Periodontal Disease In Cats - How Dangerous Is This Health Problem
Periodontal disease or gum disease is commonly found in older cats. It is bacterial infection and inflammation of soft tissue that surrounds and supports the teeth. It causes the weakening of the teeth-supporting tissues.
What is periodontal disease in cats?
Periodontal disease in cats is a progression from gingivitis, a gingival inflammation caused by plaque accumulation. By chewing food, bacteria are allowed to accumulate along a gingival margin. Then it forms plaque, which combines with saliva and minerals and forms calculus.
Calculus causes gum irritation and inflammation called gingivitis. Gingivitis is considered the first stage of periodontal disease in cats- inflammation of the marginal gingiva. By the time calculus builds up under the gum and form spaces where bacteria grow. This usually leads to bone loss, tissue destruction, and resorption of the teeth.
Causes of periodontal disease
Gum inflammation in cats is caused by a variety of factors. The most important factor is bacterial infection. Bacterial growth under the marginal line leads to inflammation and pain.
The most common bacterias in cats are
- Porphyromonas spp.
Some studies have also shown a relationship between FIV, FeLV, or a history of calicivirus infection with gingivitis.
Also, some other factors can be a significant risk for developing periodontal diseases, such as
- Hormonal changes
- Diet with low nutrition
- Hereditary factors
Also, a soft diet can lead to the accumulation of plaque and periodontal disease. Usually affects older cats, with no breed or sex disposition.
Symptoms of periodontal disease
Periodontal disease in cats has 4 grades. The disease generally begins with one tooth inflammation, and grade 1 is confined to tissues of the marginal gingiva. Sometimes edema and gingival bleeding may occur, and this indicates grade 2. Grade 3 includes pustular bleeding and 25% attachment loss. Grade 4 includes mobility and severe bone loss; this is also called advanced periodontitis, gingiva tissue will usually recede, and the roots of the teeth will be exposed.
Periodontal disease in cats may prograde to stomatitis, which is inflammation of all gum tissue and also may affect the other tissues in the mouth; and usually occurs due to an overactive immune response to even small amounts of plaque.
From anamnesis, owners usually notice that their cat eats less, chews harder, or chews only on one side. During clinical examination vet will check the mouth, searching for red and inflamed gingiva, which may bleed under gentle pressure.
A lot of plaque or calculus is seen on the tooth/teeth. During diagnostic procedures, x-rays are also important because they can show loss of density and sharpness of the root socket and, in advanced stages, bone support around the root of the affected tooth.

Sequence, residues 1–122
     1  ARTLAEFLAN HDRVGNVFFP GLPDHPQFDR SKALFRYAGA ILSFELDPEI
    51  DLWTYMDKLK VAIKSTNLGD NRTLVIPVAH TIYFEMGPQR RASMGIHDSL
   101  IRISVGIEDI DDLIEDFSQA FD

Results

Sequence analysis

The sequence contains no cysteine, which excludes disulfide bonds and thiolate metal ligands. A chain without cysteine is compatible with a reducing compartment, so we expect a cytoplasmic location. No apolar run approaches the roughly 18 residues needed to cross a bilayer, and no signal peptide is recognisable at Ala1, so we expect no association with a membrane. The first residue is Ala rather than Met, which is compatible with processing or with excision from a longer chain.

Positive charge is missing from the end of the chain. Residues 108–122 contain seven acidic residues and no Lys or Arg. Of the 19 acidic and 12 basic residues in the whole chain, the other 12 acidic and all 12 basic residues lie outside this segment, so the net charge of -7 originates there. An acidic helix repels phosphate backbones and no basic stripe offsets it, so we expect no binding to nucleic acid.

The ultimate goal of periodontal therapy is to control plaque. Sometimes treatment includes
- professional teeth cleaning
- hand scaling
- application of fluoride.
In advanced stages, surgery is needed, and making flaps. Periodontal splitting can be used, especially in the incisor areas, to help stabilize mobile teeth; criteria for splitting include normal periodontal support on both sides of the tooth to be stabilized, strict home care, and cooperative patient.
Drugs of choice are clindamycin for dental infections. For home care, brushing teeth at least once a week with chlorhexidine or other veterinary toothpaste is recommended. Hard biscuits are preferable to soft, sticky food. Also, there are some T/D tartar control diets on the market.
Prevention and prognosis
The best prevention is good oral hygiene and brushing teeth regularly. Dental diets may be prescribed to cats who do not cooperate. Some products like cat dental treats or water additives can also help reduce plaque and calculus. Regular vet checkups are recommended. The prognosis is usually good.
Periodontal disease in cats is easily preventable, but if you do not treat them, it can also cause heart, kidney, and liver disease, and the main problem is that cats with dental problems may not even be present as sick until the disease becomes life-threatening.
Periodontal disease in cats is advanced gingivitis, which includes inflammation, pain, bleeding, loss of bone structure and attachment loss, and tooth root resorption. Consequently, cats can lose their appetite and may have weight loss.
The disease results from many factors, with no breed or sex disposition. Plaque can lead to calculus, irritating the gingiva, and may prograde to stomatitis. Diagnosing includes x-rays because they can show loss of density of teeth alveolas.
Treatment usually includes professional cleaning and antibiotic for the dental infection; clindamycin is recommended.
Periodontal disease may be prevented by daily oral hygiene. Prognosis is good, and regular vet checkups are important.
World Cat Finder Team